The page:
Assassin’s Creed Valhalla provides entertainment and confusion

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Photo Credit: Photo via Wikimedia Commons under the Creative Commons License.

The major character Eivor fights a knight while on a journey in England.

By: Emma Nadella, Reporter

With a new game added to a franchise by Ubisoft, Assassin’s Creed Valhalla was no exception to giving outstanding quality and character development, but the game has been conflicting with people after playing it.

They released Valhalla on November 10 in 2020. With now 11 main games and several other side games and films, the audience has been loving the Assassin’s Creed franchise for a very long time. Lately, the games have been coming less up to par with expectations and fans who have been playing some of these games are taking notice.

The story leans on being a viking, not much an assassin

Now as cool as it is to be a viking, raiding and building your settlement in the middle of England, keep in mind that this game’s sole meaning is for you to be an assassin. In recent games such as Origins and Odyssey, their stories were wrapping heavily around The Order of Ancients. Other games that point closer to present time also calls them The Templars. Since day one, they have always played the role as a prime enemy. For the major character, there was a grudge or rational motive to go after those people almost as soon as you start the game. 

In Valhalla, there’s more of a worry to get away from your home in Norway from other viking clans and make alliances once you arrive in England. This is important on the viking aspect of the game for sure, but introducing the player and the main character to The Order of the Ancients is important as well. You are only told of them until you make it out of the introduction and into the main game, which takes a fair amount of time. When they give you that part as a main quest, they should make it seem more than just a thing to look out for to the main character, presenting it to be not much of a problem and just something to look out for. In short, the game loses itself on what should be a priority rather than an annoyance while trying to coexist as a viking.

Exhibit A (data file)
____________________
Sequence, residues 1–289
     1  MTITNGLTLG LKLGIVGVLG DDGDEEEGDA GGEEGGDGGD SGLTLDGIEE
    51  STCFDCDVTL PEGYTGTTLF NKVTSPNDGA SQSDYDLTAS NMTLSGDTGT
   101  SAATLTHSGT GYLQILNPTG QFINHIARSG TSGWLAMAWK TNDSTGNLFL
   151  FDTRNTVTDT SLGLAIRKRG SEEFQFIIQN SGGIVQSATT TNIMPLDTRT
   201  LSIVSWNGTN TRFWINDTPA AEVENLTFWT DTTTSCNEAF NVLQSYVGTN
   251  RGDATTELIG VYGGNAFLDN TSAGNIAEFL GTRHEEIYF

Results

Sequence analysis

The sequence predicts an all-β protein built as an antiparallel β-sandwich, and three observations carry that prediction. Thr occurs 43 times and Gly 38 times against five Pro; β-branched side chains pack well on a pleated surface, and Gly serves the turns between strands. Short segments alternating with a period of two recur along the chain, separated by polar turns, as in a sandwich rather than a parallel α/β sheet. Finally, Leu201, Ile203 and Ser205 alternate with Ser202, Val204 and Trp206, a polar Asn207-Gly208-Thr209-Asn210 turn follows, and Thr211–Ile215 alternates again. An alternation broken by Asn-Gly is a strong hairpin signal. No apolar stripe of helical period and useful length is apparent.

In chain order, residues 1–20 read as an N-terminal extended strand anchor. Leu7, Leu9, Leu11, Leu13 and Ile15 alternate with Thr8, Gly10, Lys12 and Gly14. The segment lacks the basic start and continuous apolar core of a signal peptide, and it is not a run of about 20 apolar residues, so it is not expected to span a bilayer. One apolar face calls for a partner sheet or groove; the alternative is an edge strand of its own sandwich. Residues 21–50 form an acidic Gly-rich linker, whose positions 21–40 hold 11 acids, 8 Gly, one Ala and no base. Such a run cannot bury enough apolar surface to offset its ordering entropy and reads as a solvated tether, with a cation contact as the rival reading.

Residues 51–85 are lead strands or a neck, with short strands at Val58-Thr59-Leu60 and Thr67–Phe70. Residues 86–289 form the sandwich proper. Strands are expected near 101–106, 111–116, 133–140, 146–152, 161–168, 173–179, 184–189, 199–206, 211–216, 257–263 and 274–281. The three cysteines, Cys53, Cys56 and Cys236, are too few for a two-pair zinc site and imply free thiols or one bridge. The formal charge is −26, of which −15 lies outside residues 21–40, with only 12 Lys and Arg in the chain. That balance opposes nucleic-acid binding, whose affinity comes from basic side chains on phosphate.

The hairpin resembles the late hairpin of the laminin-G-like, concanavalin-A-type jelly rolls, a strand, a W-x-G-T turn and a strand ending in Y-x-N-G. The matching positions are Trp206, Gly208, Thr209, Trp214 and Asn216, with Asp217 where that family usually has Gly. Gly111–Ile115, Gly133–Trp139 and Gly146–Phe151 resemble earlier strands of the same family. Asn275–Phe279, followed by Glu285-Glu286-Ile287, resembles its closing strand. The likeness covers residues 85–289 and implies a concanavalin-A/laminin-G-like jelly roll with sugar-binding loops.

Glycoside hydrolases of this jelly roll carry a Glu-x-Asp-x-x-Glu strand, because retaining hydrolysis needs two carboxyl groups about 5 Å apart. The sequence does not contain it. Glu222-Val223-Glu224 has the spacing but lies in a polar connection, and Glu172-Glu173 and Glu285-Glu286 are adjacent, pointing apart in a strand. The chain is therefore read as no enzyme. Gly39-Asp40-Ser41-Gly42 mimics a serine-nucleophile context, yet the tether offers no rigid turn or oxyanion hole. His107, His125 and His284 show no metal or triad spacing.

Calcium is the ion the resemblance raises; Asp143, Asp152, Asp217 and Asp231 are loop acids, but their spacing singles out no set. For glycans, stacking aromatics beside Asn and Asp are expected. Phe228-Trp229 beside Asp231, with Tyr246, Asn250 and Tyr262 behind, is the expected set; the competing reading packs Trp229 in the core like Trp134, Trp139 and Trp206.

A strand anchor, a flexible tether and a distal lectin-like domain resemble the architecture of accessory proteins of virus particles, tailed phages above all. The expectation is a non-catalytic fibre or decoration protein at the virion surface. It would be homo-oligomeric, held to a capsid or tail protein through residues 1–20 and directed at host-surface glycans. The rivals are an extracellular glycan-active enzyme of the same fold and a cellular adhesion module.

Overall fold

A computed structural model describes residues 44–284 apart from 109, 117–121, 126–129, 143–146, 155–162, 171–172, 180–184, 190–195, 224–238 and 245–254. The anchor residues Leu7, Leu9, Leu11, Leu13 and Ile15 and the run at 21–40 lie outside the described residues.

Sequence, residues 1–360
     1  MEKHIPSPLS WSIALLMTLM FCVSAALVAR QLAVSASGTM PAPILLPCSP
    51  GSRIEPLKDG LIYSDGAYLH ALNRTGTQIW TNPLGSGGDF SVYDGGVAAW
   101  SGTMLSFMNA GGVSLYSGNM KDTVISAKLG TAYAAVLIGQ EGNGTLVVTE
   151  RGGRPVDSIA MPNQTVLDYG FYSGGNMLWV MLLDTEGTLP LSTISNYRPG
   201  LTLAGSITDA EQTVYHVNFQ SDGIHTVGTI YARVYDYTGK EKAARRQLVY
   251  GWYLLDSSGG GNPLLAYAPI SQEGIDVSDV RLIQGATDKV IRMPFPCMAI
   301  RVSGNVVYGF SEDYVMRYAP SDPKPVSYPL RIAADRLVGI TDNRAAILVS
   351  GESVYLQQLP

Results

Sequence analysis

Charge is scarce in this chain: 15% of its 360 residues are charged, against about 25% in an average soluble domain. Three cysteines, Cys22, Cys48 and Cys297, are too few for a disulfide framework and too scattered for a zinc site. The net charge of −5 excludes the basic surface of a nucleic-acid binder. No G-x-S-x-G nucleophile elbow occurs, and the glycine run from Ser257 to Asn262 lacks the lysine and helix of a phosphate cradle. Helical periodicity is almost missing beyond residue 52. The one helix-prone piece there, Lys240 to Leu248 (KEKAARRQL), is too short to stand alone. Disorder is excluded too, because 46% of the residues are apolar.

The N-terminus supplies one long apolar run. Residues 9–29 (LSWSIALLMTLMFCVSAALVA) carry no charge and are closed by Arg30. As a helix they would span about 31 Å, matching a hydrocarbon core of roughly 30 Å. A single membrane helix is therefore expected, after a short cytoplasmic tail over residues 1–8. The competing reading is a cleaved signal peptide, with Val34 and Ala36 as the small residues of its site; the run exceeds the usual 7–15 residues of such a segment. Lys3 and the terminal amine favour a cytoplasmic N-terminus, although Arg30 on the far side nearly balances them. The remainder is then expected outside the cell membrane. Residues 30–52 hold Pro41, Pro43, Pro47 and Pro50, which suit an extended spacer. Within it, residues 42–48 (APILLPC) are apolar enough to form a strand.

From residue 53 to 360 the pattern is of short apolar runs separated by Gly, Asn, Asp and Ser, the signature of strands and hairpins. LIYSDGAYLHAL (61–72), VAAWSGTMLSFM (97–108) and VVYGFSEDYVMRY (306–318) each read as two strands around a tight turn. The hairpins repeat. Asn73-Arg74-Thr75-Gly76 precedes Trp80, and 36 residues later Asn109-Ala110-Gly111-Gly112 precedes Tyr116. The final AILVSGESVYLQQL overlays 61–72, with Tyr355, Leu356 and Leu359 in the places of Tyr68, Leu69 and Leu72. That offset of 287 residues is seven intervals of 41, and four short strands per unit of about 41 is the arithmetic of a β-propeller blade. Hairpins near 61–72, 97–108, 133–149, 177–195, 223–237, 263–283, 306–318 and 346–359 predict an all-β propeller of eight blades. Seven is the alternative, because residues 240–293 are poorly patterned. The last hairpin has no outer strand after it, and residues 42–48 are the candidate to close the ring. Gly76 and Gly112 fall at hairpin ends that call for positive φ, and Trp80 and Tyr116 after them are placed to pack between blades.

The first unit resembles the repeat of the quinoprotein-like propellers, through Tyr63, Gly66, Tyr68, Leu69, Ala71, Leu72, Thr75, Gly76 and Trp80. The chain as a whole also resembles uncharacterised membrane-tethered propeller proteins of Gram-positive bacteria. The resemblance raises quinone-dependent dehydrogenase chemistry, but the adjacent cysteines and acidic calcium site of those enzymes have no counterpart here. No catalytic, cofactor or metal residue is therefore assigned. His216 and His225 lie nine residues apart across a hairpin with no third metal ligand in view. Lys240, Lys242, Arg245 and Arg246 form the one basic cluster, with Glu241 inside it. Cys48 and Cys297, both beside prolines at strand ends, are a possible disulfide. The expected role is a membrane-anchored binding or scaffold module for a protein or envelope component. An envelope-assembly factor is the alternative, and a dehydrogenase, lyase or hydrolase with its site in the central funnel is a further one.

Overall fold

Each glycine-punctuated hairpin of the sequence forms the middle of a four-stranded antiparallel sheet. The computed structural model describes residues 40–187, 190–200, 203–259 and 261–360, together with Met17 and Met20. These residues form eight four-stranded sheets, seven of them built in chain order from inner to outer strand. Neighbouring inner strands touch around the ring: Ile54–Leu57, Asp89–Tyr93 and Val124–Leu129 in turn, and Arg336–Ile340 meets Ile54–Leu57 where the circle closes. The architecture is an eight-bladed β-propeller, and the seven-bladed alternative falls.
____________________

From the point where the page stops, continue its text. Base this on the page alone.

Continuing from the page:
Easy leveling up, good or bad?

The leveling up system in Assassin’s Creed Valhalla is also different from the other previous games. Keeping ties with how you’re in a Nordic atmosphere, the leveling up system follows by getting two points per level cap you reach that you can use by putting them into a constellation formed ability system. As you continue to get more points and put them to getting your abilities, more abilities become revealed, allowing you to progress easier. However, there are a few flaws to this system, those said flaws being that it makes it seem like harder quests are just as profitable and easy ones. For some players, this gets rid of the need to jump over a hurdle and feel proud of completing it afterwards.

Another aspect is that smaller parts of this leveling up web don’t seem all that helpful. There are useful abilities and other growths to the character that help, but there are way more of the smaller additions than crucial ones. For example, some go by the terms of ‘+1.0 fire resistance’ or ‘+2.5 health’. If those small pieces didn’t have to lead up to get the more important abilities, there’s little change they can actually bring into a game. From each level you go through and each two points you put into your character, you wouldn’t notice that slight change as you continue.

Confusing yet fun game to play

As much as it seems to be worse for wear, the game is still unbelievably captivating and fun to play. You can customize your character and switch between genders as much as you want without a need to worry about an effect on your previous saved files. It stays whimsical and firm on the view of a viking, but the only and most crucial needle of the haystack is that it doesn’t fit into the experience of the usual assassin story Ubisoft usually provides. That’s why it feels so lackluster, because as much as it hits the bullseye on some aspects, it feels unnecessary to the complete series.

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